I would add intellectual property to it. Or more generally, the necessity of some monopolies being granted by the government to some insiders for 'the good of the society'. I have otherwise very intelligent friends who honestly believe that downloading a CD is equivalent to breaking into someone's house and taking their couch.

Intellectual property is not a valid form of property. Pro-State brainwashing regarding copyright is very effective.

There are three types of invalid intellectual property. They are copyright, patents, and trademarks.

Another related topic is 'securitization' of unenforceable contracts (starting with dollar bills) by the government. Our society has been conditioned that the financial 'industry' and the bloodsuckers that sprout around it are as legitimate of an industry as factories and mines. That notion is backed by government guarantees of the debt of first the 'quasi-public' entities such as Freddies and Fannies, and by passthrough to mortgages and corporations that handle debt. In the endgame we've seen these guarantees made explicit in the form of bailouts.

The financial industry is one big scam. Complex financial instruments and financial products are a smokescreen that hides the underlying fraud.

The idea that some cancerous corporations are 'too big to fail' and that there will be blood in the streets unless we give them hundreds of billions of dollars is a clear form of extortion. I believe that Paulson has actually threatened congressmen with martial law unless the bailout bill was passed...

"Too big to fail" is an evil concept.

There are many other ways to threaten a Congressmen.
  1. Deny pork projects to their district.
  2. Give them unfavorable media coverage.
  3. Find frivolous criminal charges.
  4. There are plenty of ways to kill someone and make it look like an accident.
Thanks for the good work.

That post generated a lot of comments, but not much Google Analytics traffic.

I put an updated version in my draft queue.

Sovereign has left a new comment on your post "A List of Rabbit Holes":

Without a state, young eight year old children would all either work in facotries or be sold into prostitution!

That's a good one.

Mandatory schooling laws also raise the economic cost of children.

Suppose there were no mandatory schooling laws and you owned a small business. A 13 year old child would then be a productive worker in the business. Ages 13-25 are the most productive years of your life, and most of this time is wasted in school.

In the present, children don't usually perform productive work until the age of 22+. $200k+ must be squandered on a college education, in addition to other costs.

In a farming society, children are a valuable economic resource. By the time they're 13, they're performing useful labor. In the present, the State artificially raises the cost of children.

Anonymous has left a new comment on your post "A List of Rabbit Holes":

Why does EVERYONE fall for the LLC one...
EVERYONE hasn't fallen for the LLC one. FSK didn't fall for it!

I assume you mean "Limited Liability Incorporation". Limited liability incorporation is a State distortion of the market.

Pro-State (L)libertarians always seem to defend large corporations. If a group of people want to go work together, that's not immoral. It's a problem when they get perks from the State.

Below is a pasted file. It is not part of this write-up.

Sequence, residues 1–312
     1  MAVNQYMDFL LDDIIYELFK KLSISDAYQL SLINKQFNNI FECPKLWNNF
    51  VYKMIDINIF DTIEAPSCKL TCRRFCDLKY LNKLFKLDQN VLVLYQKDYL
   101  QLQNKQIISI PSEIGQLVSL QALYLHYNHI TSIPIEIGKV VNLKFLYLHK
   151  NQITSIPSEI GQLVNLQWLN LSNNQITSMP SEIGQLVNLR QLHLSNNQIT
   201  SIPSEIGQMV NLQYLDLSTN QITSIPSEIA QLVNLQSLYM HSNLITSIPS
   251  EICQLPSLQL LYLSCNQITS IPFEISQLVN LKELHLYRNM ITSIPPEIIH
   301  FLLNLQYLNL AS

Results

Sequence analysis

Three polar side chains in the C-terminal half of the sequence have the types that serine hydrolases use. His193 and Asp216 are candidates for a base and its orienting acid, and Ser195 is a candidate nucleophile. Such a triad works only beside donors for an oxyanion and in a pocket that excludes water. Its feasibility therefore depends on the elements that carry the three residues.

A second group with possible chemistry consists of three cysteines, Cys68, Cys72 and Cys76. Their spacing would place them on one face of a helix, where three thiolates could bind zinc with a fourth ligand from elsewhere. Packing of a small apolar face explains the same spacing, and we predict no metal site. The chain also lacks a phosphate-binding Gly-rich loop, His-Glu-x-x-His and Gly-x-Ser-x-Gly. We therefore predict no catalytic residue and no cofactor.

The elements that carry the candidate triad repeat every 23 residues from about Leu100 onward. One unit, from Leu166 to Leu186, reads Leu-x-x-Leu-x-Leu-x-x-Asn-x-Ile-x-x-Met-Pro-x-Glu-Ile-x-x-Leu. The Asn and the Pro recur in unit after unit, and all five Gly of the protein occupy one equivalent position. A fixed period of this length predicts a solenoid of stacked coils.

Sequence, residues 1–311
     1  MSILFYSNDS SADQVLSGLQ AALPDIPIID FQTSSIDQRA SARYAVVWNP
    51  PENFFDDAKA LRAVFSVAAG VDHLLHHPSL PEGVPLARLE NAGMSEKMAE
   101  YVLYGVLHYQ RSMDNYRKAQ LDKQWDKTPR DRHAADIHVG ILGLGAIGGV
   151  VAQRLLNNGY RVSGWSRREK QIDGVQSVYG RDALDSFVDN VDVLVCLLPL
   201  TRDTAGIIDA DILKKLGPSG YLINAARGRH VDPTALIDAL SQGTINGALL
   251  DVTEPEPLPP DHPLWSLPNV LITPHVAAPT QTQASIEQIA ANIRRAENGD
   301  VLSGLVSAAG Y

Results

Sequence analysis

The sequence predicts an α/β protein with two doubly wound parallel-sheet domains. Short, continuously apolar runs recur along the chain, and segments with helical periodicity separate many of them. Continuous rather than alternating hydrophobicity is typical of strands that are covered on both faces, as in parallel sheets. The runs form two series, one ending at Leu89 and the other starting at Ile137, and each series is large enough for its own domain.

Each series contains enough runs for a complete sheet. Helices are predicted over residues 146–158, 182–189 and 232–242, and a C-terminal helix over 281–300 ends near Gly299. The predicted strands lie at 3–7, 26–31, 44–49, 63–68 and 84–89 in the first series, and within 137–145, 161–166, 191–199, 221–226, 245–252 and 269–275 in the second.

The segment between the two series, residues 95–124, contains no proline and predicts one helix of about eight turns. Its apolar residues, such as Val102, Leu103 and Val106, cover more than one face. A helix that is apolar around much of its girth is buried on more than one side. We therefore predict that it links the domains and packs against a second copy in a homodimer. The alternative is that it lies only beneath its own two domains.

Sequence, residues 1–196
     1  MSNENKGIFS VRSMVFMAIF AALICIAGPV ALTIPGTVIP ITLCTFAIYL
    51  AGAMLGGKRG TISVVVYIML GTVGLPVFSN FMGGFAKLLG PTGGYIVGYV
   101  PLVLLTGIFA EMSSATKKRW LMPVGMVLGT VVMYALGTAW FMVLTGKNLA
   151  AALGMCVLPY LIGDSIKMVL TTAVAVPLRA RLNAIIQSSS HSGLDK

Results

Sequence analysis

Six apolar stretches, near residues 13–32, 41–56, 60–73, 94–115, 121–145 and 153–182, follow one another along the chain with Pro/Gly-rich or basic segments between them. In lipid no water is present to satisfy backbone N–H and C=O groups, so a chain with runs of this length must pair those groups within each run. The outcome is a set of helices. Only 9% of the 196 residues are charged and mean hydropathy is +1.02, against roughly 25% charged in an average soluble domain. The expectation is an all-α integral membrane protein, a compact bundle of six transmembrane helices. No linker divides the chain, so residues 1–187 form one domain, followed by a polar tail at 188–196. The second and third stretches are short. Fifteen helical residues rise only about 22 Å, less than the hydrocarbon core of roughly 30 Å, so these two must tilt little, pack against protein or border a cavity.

Without State subsidies and State distortions of the market, large corporations would not be dominant. In a true free market, a small business will always run circles around a large corporation.

In a true free market, liability due to accident is insurable. Liability due to fraud or gross negligence should never be insurable. Limited liability incorporation gives business owners free insurance in the event of fraud or gross negligence. Limited liability incorporation encourages fraud and gross negligence, because you can always declare bankruptcy to cheat your creditors/victims/customers.

If you look at any large corporation that performs useful work, the business probably could be broken down into independent businesses of no more than 100 people. This does not occur due to State restriction of the market and artificial State overhead.

An LLC provides no protection to a small business owner sole proprietorship. They usually have all their net worth invested in their business. It's easy to "pierce the corporate veil" and directly sue the owner.

Corporations benefit the insiders who control them. Small individual investors in a corporation do not earn a positive inflation-adjusted return.

It was really disappointing to learn that the stock market doesn't provide a positive inflation-adjusted return. That's like discovering that Santa Claus doesn't exist.

If you start a small business and incorporate it, you are voluntarily entering yourself into the State regulation and taxation system. I've decided that my blog and other agorist businesses will be unincorporated. The only exception is if I get a contract with a mainstream media outlet to carry my content. Then, I'd have to incorporate or just be an employee. I'm not waiting for a mainstream media outlet to decide to carry my content. I'm planning on self-publishing. I'm already self-publishing my blog. I'm looking to expand to other things.

Anonymous has left a new comment on your post "A List of Rabbit Holes":

I liked number 8 the best. So true

That's a good one. The Constitution is treated as a magic holy document. I'll make a more detailed post on the subject.



AdBrite really cut back on my eCPM rates recently. It's disturbing. I shouldn't read anything into a short-term trend, only a couple of days. Any time period less than a month is mostly irrelevant for measuring ad revenue.